North Korea's nuclear test site in Kilju, North Hamgyong Province is turning into a wasteland after six underground nuclear tests, according to witness accounts.
North Koreans who defected from the region said 80 percent of trees that are planted die, underground wells have run dry and babies are being born with defects.
The Research Association of Vision of North Korea, which includes North Korean defectors, interviewed 21 defectors who used to live in Kilju in the last couple of years.
"I heard from a relative in Kilju that deformed babies were born in hospitals there," one defector said. Another said people in Kilju drink water that comes down from Mt. Mantap in Punggye-ri, where the nuclear test site is located, and they are worried about contamination from radiation.
Another said, "I spoke on the phone with family members I left behind there and they told me that all of the underground wells dried up after the sixth nuclear test."
Suh Kyun-ryul, a professor of nuclear engineering at Seoul National University, said, "Due to the collapsed ground layer, fissures must have formed underneath, leading to contamination of the underground layer and water supply."
Defectors testified that officials do not warn locals before conducting underground nuclear tests. One defector who escaped North Korea in 2010 and claims to have experienced two nuclear tests in Punggye-ri said, "During the first nuclear test (October of 2006) and second one (May of 2009), only family members of soldiers were evacuated to underground shafts. Ordinary people were completely unaware of the tests."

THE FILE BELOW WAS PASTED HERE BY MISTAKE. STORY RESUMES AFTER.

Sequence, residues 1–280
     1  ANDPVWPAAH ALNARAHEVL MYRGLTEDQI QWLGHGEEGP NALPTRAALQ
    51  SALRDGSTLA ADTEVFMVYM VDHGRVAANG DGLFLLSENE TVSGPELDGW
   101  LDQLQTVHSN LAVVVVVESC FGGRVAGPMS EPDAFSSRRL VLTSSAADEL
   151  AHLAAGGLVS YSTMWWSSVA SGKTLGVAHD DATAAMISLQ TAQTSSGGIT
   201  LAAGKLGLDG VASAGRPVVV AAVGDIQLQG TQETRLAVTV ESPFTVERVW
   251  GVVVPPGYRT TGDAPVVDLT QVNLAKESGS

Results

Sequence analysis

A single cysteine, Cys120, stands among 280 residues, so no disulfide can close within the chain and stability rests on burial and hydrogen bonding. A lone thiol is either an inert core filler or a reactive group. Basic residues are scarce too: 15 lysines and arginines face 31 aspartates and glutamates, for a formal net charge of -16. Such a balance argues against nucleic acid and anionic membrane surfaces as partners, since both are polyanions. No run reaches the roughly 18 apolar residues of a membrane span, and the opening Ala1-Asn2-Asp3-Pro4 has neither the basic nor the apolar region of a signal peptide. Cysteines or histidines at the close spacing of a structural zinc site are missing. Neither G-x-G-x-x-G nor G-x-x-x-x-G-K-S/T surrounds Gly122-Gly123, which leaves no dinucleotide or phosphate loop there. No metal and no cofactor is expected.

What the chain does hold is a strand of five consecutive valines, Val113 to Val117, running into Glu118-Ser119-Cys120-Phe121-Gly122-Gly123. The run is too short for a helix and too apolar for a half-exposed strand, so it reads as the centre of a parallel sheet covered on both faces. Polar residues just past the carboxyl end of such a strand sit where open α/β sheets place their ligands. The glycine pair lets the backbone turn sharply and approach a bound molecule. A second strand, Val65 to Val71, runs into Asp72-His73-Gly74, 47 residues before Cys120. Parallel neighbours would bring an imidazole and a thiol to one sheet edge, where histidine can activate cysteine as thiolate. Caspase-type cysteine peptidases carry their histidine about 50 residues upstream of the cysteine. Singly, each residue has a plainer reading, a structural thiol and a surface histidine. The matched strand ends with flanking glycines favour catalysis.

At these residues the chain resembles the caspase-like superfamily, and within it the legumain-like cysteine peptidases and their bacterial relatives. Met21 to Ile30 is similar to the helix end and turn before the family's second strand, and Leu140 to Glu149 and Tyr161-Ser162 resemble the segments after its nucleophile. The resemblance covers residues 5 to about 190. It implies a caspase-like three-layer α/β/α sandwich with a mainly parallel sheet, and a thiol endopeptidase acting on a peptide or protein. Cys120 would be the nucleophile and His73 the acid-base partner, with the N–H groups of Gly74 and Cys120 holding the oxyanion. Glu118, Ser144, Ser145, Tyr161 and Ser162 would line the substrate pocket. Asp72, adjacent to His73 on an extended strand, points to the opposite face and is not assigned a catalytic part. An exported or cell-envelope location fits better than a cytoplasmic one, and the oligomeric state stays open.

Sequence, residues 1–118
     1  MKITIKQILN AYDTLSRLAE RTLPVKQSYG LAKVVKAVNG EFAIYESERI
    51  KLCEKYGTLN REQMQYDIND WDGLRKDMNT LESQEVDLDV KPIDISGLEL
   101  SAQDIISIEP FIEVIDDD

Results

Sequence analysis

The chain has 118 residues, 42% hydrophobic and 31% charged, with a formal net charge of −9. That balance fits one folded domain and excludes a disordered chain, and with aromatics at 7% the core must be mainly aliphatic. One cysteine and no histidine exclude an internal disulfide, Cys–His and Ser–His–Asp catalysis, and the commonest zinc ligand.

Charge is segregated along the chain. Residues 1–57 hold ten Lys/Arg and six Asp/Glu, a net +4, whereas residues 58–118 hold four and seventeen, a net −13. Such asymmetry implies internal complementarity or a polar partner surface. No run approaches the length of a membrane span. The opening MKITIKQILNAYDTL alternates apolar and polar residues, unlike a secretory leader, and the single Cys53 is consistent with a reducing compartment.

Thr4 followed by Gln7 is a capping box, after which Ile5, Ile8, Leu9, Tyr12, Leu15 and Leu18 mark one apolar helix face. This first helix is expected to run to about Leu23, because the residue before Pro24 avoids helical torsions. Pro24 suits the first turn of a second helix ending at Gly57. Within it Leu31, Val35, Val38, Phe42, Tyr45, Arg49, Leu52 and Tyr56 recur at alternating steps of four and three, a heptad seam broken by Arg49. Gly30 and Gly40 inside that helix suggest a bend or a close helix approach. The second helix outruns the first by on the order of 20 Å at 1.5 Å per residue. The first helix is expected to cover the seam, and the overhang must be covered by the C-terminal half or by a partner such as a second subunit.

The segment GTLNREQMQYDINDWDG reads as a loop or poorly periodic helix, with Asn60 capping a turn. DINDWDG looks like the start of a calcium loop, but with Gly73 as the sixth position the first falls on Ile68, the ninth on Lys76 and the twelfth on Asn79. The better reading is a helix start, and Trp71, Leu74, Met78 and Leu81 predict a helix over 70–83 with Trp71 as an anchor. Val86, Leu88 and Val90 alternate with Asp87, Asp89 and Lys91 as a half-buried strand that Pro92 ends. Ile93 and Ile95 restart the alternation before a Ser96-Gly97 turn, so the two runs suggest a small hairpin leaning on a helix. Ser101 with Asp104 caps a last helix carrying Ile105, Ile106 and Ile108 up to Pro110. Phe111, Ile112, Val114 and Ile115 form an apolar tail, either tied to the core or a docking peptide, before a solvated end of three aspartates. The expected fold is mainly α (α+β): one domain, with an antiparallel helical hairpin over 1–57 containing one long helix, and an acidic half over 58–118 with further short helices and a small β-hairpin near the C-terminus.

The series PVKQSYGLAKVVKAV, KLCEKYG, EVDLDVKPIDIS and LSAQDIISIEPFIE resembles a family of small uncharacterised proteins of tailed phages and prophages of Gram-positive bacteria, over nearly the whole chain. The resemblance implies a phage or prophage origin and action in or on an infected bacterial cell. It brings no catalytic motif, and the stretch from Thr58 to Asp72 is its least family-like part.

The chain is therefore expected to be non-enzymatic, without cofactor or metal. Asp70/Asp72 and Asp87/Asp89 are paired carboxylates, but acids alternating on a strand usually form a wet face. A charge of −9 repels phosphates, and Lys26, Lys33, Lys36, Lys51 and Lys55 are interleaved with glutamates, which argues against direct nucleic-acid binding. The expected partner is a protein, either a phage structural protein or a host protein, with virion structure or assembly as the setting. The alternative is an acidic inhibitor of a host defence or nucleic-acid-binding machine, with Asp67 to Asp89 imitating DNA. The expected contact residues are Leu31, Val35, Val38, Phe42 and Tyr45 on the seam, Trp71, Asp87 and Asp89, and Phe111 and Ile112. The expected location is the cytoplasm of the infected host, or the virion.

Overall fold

The population of Punggye-ri consists of soldiers who guard the nuclear test site and a few farmers who manage plantations affiliated by the facility. The defector said, "Prior to nuclear tests, around two tests involving only detonators take place, and locals are mobilized to dig deep holes for those tests. I personally saw corpses floating down the river with their limbs severed."
Kim Tae-woo, a former head of the Korea Institute for National Unification, said, "In several other countries casualties have been reported from detonator tests. Considering North Korea's dismal human rights track record, I doubt that stringent safety measures were taken prior to the detonator tests."
Other defectors said local specialties like trout and pine mushrooms have disappeared from the region. "Trout and pine mushrooms were sent to senior party officials as gifts in the 1980s, but they disappeared after the first nuclear test in 2006," one said.
Another defector who used to work as a forestry official in Kilju said, "If you plant trees in the mountains there, 80 percent of them die. You can blame it on poor planting, but the number of trees that die is higher than in other mountains."
Locals are forbidden from going to Pyongyang. One source who has visited Kilju since the sixth nuclear test said, "Kilju locals who made appointments in a large hospital in Pyongyang were not allowed to enter the capital after the sixth nuclear test."
Officials are trying hard to prevent accounts from inside Kilju spreading to other parts of the North. One said, "People who boarded trains to the border with samples of soil, water and leaves from Kilju county were arrested and sent to prison camps."
The Unification Ministry here has been conducting radioactive contamination tests of 30 North Korean defectors from Kilju since last month.
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